There are, however, things you can do when you find yourself feeling like an imposter. 

1.Be Aware

It’s important to stay mindful of your thoughts. When you’re aware of your thought patterns you will not only become better at recognizing imposter feelings but you will also be able to counter them before they have a chance to evolve.  

2.Realize you’re not alone

A good start would be to watch this video from v.proud.tv on Time magazine of female professionals sharing their own feelings of impostorism. 

3. Get out of your mental rut

Once you have a handle on recognizing these feelings you can actively counter them. Whenever you find yourself thinking you don’t deserve success or that you don’t know what you’re doing—remind yourself that it’s normal to not know everything, most people feel this way, and that you will learn and grow more as you progress. 

4. Talk about it

When you open up about your feelings you may be surprised to learn how the people around you feel like imposters too. This will provide an incredible sense of relief. It’s better to have an open dialogue than keeping your negative thoughts bottled up. 

5. Take a step back

It’s normal for anyone to experience moments or occasions where they don’t feel 100% confident or competent. We have to step outside our comfort zone to grow, and most of the time when we do so, we find ourselves somewhat outside of our own depth. It’s quite natural for these moments to be filled with self-doubt as a consequence. If you catch yourself thinking you are useless, take a step back and reframe it. Rather than telling yourself, you are useless, remind yourself that you are not—you’re merely growing.

6. Failure does not exist

While you’re at it reframe your thoughts on failure too. Failure is an aspect of any learning curve. Whenever you feel overwhelmed by the thought of failure, remind yourself of simple ways in which practice (and failure) makes perfect. Just imagine all the failed attempts the barista had to make in order to master the ‘foam art’ in your morning coffee. Likewise, no one has ever made the perfect omelet after their first (or in my case tenth attempt) Once you truly realize that failure is nothing more than an opportunity to learn, you may be able to let go of your own perfectionism and in doing so you may just find a new sense of joy in what you’re doing.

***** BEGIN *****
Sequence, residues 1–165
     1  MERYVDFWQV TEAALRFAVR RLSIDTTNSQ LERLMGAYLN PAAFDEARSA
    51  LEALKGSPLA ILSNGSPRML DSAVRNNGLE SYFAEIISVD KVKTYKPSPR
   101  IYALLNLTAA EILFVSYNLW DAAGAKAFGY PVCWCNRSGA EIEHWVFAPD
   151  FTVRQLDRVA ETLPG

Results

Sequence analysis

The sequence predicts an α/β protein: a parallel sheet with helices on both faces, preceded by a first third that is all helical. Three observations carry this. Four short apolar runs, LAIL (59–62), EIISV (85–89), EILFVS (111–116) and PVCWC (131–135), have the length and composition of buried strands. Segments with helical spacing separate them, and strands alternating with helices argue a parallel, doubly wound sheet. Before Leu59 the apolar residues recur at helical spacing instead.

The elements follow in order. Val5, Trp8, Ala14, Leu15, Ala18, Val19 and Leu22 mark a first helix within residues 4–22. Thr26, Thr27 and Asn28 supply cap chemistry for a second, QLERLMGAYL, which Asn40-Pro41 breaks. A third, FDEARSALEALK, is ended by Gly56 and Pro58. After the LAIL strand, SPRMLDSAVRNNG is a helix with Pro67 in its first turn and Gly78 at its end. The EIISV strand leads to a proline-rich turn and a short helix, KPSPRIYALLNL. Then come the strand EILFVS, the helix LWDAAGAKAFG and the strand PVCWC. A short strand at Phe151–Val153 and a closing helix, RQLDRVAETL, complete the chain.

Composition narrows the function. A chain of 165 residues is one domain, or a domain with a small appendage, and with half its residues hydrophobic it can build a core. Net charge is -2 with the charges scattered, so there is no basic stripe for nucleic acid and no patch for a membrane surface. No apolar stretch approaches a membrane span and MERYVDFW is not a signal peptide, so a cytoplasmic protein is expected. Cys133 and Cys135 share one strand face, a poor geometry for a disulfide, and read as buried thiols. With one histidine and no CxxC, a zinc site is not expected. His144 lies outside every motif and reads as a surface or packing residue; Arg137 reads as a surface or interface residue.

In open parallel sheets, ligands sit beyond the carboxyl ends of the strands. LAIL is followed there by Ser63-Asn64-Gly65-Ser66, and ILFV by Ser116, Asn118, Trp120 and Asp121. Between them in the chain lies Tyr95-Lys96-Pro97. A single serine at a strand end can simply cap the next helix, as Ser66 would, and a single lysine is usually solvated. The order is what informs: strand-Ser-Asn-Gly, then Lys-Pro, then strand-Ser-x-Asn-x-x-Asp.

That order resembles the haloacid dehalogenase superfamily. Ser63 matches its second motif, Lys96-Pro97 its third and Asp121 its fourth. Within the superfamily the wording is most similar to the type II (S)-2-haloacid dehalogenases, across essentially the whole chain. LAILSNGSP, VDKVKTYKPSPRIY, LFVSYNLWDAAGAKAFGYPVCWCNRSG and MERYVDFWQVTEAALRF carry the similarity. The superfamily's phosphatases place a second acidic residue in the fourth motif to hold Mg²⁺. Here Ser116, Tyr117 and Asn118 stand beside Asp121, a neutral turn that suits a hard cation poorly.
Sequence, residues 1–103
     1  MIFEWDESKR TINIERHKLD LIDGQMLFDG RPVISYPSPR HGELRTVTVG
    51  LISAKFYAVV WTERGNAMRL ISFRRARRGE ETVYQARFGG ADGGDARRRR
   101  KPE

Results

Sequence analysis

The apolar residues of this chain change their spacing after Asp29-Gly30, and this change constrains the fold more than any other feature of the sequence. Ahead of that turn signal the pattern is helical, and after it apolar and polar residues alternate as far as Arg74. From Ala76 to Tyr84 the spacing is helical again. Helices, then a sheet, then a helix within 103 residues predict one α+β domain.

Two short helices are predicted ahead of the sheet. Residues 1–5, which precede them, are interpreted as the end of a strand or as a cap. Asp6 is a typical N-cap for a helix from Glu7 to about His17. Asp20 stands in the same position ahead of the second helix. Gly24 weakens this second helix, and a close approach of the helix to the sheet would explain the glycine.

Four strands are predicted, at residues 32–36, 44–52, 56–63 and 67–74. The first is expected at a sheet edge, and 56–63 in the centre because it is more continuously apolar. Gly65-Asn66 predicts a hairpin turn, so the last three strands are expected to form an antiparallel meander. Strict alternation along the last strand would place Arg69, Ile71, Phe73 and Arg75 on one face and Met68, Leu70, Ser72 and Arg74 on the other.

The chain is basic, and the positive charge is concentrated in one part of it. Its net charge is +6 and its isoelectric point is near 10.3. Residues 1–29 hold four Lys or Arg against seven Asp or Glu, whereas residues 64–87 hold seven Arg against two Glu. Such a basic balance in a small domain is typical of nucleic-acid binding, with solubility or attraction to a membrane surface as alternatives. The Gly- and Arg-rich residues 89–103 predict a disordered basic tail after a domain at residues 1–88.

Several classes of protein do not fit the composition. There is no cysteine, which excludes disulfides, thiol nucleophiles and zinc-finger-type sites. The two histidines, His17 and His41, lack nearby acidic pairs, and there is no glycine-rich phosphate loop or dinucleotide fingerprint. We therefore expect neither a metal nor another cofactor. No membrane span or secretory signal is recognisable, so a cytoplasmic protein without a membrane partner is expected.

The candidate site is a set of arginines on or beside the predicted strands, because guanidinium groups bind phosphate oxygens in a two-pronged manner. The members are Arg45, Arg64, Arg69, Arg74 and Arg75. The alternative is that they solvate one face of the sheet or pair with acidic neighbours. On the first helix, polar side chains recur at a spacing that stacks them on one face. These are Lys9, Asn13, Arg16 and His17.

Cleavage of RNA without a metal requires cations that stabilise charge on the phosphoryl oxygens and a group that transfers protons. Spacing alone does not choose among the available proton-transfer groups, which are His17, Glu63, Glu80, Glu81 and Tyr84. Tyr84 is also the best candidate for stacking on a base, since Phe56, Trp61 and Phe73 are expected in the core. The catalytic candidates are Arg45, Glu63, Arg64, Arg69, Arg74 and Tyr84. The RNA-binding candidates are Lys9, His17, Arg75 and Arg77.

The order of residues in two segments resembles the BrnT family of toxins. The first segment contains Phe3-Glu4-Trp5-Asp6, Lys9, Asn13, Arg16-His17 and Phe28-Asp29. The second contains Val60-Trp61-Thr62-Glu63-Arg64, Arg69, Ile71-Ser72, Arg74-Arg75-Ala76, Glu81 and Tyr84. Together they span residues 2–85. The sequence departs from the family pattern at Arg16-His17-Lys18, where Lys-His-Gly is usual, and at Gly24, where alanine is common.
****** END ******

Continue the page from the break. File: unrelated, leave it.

7. Be kind to yourself

Remember that we’re all entitled to make some mistakes on occasion and that failure is part of the process. Treat yourself like you would treat a friend whenever they’re in doubt or have made a mistake—with kindness and forgiveness. 

8.Seek support

Everyone needs help every now and then. Realize that you don’t have to do everything alone. Seeking assistance will allow you to talk through your feelings and adjust your perspective. 

9.Think big picture

Imposters tend to get stuck in the moment. Rather than focusing on how ‘incapable’ you are in the moment, visualize a successful outcome. You will feel much calmer and focused when you focus on completing the task, presentation or meeting the deadline. 

10. Keep track of the facts

You can combat your own imposter syndrome, by collecting and revisiting positive feedback. One scientist kept blaming herself for problems in her lab, and in an effort to change what she had been doing wrong she began documenting the causes every time something did go wrong. To her surprise, she eventually came to realize that most of the problems came from equipment failure, and not her incompetence.

We may never be able to banish these feelings entirely, but we can have open conversations about academic or professional challenges. With increasing awareness of how common these experiences are, perhaps we can feel freer, to be frank about our feelings and build confidence in simple truths: you have talent, you are capable, and you belong.


Tired of the Sunday Blues? Take these 4 easy steps now!

Weekends are precious, it’s our time to socialize and recoup after a long week at work, but how often do we find ourselves feeling like Sundays are less about the ending of a great weekend — than it is about the start of something we’re not looking forward to.

So many of us are sitting with this sinking feeling of the Sunday blues, and it’s all in anticipation for the week that lies ahead. In fact, a recent study from The sleep Judge has found that a staggering 81 percent of workers experience an elevated level of anxiety on Sundays.  

Interestingly, the Sunday scaries are not necessarily predicated on a poor relationship with a superior. In the study people who reported having a good relationship with their manager reported an even higher level of anxiety than those who had a poor relationship. A fact that may be attributed to more work and higher expectations that come with a good boss-employee relationship.